Cloudflare is a major network service provider that’s been widely used by websites and web applications in the last decade. Of the services it provides, the features our clients most often cite for requesting or purchasing Cloudflare services are:

  • DDoS Protections
  • Upstream Caching Layer (which speeds up your website monstrously)
  • Hiding the Origin IP Server Address

You can read more about DDoS and Cloudflare’s solutions on their website.


Armor is a hosting service favored by our security-concerned and compliance-conscious clients for its built-in VPN capabilities, Regulatory Compliance, and DDoS mitigation. While it’s not the only hosting service to provide DDoS protections, it’s frequently requested by clients that require a high level of security customization in addition to having specific HIPAA, GDPR, and PCI compliance needs.

Rise of the 2FA

Two-Factor Authentication (2FA) is rapidly spreading across the internet, particularly with social media accounts and other commonly targeted access points. Here at Imarc, we’ve seen 2FA come up in requirements for both visitor and administrator logins.

By adding an extra layer of security that requires verification from an additional secured source (whether it be an SMS message, telephone call, or a physical device/token), a site becomes more resistant to breaches resulting from stolen credentials. Cursing your lack of 2-factor? Check out the security settings on your favorite apps to get started!

Attack of the Social Engineers

Not too long ago, one of my supervisors told me an eerie tale from his earlier days at Imarc. It was the story of a stubborn client that was insisting on keeping visitor passwords visible to all administrators for their website. He couldn’t seem to get this client to understand why this was a bad idea. Running out of options, he convinced the client to sit in with him as he made a phone call.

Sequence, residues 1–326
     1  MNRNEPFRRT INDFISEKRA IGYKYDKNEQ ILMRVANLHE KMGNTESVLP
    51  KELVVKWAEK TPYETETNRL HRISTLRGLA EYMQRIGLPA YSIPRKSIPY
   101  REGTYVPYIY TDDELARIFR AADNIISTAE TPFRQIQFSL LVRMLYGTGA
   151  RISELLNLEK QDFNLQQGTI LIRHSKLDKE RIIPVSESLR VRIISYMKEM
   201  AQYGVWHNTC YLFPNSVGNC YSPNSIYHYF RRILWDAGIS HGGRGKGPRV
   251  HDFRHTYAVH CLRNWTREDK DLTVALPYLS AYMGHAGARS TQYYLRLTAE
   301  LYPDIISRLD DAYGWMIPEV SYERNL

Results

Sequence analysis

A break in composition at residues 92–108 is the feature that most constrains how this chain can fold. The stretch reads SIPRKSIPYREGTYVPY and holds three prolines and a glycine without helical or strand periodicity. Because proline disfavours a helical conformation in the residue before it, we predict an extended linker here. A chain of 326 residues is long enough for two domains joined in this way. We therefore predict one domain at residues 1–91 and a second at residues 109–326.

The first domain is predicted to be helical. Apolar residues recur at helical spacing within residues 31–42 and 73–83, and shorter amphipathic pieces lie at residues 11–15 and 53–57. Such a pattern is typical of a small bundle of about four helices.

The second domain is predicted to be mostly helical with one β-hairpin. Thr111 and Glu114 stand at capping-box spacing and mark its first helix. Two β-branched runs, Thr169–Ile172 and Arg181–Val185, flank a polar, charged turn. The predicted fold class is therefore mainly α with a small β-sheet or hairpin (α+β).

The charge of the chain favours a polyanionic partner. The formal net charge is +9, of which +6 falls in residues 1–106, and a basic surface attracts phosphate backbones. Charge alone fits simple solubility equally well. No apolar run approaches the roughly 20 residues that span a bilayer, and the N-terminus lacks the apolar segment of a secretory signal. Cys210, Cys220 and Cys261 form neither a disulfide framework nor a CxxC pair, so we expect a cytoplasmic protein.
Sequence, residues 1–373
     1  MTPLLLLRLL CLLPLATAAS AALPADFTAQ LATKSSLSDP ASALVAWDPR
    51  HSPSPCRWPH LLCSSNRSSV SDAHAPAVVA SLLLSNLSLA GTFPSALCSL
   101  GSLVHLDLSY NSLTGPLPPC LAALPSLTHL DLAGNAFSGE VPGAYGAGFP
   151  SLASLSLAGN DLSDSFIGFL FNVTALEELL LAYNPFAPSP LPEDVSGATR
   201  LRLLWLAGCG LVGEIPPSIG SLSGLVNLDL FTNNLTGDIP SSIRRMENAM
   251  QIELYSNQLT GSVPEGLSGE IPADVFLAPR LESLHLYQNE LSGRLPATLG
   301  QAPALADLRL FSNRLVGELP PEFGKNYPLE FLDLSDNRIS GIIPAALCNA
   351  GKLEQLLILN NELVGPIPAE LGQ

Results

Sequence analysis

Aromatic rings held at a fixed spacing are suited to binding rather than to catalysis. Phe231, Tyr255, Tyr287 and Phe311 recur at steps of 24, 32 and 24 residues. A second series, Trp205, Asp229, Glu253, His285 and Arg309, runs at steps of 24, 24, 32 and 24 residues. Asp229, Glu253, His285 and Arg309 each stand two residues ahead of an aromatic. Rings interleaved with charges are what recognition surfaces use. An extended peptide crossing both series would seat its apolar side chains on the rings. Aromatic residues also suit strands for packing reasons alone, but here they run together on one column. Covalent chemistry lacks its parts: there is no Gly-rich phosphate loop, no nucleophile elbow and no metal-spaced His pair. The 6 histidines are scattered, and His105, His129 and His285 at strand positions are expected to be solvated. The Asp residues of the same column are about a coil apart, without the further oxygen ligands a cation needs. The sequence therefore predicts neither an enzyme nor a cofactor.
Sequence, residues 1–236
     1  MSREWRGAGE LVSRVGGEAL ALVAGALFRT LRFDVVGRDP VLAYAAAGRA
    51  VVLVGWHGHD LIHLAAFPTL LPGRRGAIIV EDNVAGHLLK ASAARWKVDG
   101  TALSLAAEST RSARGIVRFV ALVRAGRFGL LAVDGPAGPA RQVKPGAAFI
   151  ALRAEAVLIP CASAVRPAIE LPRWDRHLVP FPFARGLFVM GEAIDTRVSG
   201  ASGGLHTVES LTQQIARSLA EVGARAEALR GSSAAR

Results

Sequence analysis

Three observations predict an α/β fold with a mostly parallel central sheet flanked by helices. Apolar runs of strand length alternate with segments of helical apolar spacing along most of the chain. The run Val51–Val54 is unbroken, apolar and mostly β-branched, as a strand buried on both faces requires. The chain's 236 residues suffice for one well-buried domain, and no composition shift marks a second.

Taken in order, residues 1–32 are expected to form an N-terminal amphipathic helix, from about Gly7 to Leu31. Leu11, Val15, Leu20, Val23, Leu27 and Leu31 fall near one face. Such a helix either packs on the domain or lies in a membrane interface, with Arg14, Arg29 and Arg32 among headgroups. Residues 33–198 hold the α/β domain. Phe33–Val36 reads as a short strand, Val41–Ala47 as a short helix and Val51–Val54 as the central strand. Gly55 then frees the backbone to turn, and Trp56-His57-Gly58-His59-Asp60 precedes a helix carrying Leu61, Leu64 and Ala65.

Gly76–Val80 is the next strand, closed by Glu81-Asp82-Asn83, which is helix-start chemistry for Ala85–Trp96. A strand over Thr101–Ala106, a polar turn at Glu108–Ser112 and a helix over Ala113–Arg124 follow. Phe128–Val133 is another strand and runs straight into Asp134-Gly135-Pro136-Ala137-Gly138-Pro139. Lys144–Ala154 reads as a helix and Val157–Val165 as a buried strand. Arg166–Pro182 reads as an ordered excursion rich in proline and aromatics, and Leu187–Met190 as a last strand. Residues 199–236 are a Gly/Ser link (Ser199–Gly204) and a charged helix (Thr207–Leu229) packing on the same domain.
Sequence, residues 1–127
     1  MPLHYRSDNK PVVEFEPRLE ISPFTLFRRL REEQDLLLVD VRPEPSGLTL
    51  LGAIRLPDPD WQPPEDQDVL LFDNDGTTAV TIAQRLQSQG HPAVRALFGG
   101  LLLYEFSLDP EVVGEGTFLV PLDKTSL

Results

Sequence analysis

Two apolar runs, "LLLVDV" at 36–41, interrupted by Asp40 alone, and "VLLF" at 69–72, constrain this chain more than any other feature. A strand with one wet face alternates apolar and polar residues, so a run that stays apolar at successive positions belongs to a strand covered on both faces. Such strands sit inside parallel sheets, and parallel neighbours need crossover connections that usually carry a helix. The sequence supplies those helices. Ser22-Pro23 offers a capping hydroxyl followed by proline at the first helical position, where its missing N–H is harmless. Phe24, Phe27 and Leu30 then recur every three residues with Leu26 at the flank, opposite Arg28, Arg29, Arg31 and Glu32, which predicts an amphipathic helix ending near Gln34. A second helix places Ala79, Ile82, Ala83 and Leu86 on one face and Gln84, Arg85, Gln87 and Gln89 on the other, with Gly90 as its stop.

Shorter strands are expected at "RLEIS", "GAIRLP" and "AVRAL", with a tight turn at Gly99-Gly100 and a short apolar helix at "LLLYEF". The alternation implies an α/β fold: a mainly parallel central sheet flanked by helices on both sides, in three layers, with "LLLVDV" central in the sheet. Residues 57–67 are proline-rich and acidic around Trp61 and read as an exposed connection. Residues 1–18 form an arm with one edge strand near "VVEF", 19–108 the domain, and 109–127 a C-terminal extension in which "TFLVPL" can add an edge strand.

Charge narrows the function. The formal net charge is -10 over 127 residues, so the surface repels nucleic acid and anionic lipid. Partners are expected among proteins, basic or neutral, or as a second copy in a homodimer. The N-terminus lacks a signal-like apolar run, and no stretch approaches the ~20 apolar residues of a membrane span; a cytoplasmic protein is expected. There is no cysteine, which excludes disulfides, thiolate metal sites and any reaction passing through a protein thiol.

Pretending to be a subscriber to the client’s services, he claimed to have forgotten his password. With very little vetting, and using only that subscriber’s name, he was able to gain access to the account via an internal representative. If he had been a real threat, he then could have changed the login himself, accessed more information about the subscriber, and made purchases as that person. Following that call, the client immediately removed the ability for passwords to be seen by administrators.

What my supervisor had demonstrated is known as Social Engineering – the practice of gaining access to a system by manipulating the people associated with it. No matter how robust or secure a system is, its most vulnerable point is its human elements. The best way to protect user data and privacy is to keep it out of the direct access of other people. For websites this involves:

  • Compartmentalizing logins between individuals and systems
  • Thorough verification procedures (via 2-factor authentication or security questions)
  • Only displaying relevant user data
  • Limiting access to user data

The best way to defeat social engineering attempts is to keep staff informed and remain wary. My recommendation: KnowBe4 Security Awareness

When it comes to your security, it can be a scary world out there on the web. Whether your website needs an updated SSL certificate or a full security overhaul we’re here to help! Drop us a line, and let’s talk!